Pictured below is an original photo of Jan Karcz  in service dress from 1941. This was taken upon his transfer into the Polish army as an officer cadet. Notice he is not yet wearing his regimental collar pennons or any unit insignia to distinguish him as a member of a particular regiement. He is however wearing privately purchased Polish eagle buttons on his tailored tunic. He also has a black cloth eppaullette on his left shoulder. That combined with his distinctive Polish rank insignia show that he is not a member of the British or Commonwealth forces.

Winter Tanker Suit

This is an example of a Dragoon driver standing beside a White M3A1 halftrack attempting to get his bearings.  The camouflage suit was an adaptation of the "Oversuit, tank crews" which came into widespread use first in 1943. The original colour was tan and was widely known as the "Pixie suit." After receiving feedback from the troops in the field the British designed and produced the cammo pattern in late '44. It saw limited use during the last hundred days of the war.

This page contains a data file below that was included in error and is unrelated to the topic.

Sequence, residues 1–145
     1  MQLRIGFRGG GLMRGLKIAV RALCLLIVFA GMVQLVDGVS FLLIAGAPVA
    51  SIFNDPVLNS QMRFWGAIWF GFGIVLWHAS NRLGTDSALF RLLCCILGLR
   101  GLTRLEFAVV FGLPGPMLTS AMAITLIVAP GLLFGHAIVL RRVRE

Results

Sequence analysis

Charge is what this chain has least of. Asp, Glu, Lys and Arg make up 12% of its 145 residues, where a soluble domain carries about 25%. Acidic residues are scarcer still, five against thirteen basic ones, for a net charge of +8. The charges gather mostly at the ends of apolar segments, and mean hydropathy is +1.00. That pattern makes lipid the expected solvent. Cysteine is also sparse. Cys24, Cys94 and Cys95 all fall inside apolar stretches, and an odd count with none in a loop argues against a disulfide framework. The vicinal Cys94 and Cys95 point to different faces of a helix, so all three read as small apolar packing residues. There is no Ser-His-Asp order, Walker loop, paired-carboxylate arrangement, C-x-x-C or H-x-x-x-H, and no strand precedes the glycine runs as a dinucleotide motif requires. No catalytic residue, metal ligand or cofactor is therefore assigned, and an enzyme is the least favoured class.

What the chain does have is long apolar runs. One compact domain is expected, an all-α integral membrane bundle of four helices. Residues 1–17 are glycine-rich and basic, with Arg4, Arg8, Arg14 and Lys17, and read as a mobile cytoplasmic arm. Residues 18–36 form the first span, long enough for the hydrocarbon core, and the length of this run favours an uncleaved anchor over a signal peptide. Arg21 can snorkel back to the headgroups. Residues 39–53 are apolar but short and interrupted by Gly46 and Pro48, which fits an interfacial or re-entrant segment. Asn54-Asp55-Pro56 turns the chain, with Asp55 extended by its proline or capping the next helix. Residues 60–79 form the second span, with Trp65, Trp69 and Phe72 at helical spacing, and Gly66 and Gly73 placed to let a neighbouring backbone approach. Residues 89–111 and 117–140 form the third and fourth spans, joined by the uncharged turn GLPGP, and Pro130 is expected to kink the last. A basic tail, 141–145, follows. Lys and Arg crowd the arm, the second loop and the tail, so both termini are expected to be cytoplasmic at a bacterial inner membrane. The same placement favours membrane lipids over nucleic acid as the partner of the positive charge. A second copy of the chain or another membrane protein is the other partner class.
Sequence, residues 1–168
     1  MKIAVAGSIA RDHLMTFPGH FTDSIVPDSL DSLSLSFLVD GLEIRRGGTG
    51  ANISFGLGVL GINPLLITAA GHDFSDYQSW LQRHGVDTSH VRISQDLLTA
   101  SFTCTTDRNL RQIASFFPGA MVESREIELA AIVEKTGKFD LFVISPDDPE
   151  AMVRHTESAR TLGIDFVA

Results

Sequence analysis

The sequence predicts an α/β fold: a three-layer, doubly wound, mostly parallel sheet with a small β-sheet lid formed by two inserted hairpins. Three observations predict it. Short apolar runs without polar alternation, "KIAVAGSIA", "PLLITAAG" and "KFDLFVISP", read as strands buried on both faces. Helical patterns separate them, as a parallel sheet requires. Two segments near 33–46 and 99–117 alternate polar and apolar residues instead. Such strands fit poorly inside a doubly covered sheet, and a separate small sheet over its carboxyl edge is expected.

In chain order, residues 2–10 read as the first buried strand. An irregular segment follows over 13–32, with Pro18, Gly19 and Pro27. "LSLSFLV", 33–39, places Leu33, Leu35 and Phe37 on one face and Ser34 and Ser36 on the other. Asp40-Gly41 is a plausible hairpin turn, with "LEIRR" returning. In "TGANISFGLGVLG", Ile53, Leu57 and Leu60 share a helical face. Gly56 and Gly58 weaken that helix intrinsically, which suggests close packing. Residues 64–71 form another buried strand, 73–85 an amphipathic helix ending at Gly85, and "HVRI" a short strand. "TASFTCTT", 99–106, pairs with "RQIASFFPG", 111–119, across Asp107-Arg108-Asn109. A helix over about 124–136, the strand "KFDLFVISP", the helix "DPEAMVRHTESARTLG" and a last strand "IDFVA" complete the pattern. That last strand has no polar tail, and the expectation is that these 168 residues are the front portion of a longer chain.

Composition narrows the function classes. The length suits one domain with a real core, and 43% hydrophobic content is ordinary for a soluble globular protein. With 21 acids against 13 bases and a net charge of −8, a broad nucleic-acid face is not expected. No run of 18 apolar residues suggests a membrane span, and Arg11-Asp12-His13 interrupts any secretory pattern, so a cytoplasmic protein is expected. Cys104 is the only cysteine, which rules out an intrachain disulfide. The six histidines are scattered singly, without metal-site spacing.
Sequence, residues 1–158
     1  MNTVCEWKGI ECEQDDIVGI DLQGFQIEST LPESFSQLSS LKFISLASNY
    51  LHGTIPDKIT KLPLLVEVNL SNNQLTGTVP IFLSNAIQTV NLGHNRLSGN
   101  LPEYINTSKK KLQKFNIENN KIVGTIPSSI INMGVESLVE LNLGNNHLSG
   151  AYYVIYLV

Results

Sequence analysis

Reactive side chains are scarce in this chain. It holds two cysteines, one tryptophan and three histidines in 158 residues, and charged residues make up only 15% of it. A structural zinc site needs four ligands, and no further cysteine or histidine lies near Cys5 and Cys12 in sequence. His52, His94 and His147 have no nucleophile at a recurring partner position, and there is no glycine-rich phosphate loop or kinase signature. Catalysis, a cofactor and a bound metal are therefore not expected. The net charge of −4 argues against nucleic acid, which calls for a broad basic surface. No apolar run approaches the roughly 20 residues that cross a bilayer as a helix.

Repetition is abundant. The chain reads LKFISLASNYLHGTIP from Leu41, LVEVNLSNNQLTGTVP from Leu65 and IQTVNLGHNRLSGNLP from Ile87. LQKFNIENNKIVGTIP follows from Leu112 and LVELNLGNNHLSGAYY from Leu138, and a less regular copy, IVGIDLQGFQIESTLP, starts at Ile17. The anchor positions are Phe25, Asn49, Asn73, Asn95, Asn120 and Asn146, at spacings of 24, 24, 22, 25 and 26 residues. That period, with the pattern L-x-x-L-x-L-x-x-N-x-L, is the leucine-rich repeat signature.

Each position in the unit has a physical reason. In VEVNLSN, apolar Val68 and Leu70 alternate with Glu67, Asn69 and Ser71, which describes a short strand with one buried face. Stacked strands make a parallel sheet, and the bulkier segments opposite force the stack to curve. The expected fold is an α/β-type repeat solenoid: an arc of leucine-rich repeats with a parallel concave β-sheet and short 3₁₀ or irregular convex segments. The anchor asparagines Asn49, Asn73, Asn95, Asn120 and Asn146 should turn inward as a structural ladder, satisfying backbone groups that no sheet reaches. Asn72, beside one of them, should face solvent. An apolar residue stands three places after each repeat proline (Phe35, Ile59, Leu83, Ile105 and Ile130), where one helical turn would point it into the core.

In addition to the points referenced in the photo, notice also the later pattern tanker holster. The early war drop style was abandoned as it tended to get caught on protrusions whilst maneuvering inside the confines of an armoured space. Our driver has also decided to not wear the '37 patter shoulder braces for the same reason. Inside the holster is an Enfield No2 MkI * .38 caliber revolver. This was also known as "the tanker model" as it was manufactured without a hammer. To cycle and fire the weapon now required a double action when pulling the trigger. The result was that the weapon wandered during this cycle and was generally useless for hitting a target.
Below is an original photo of 1st Armoured Division members wearing their pixie suits during the German surrender of Wilhelmshaven in 1945. Scan and caption taken from General Maczek Polish Cultural Foundation Ltd, London 1991



Officer vs Enlisted Uniforms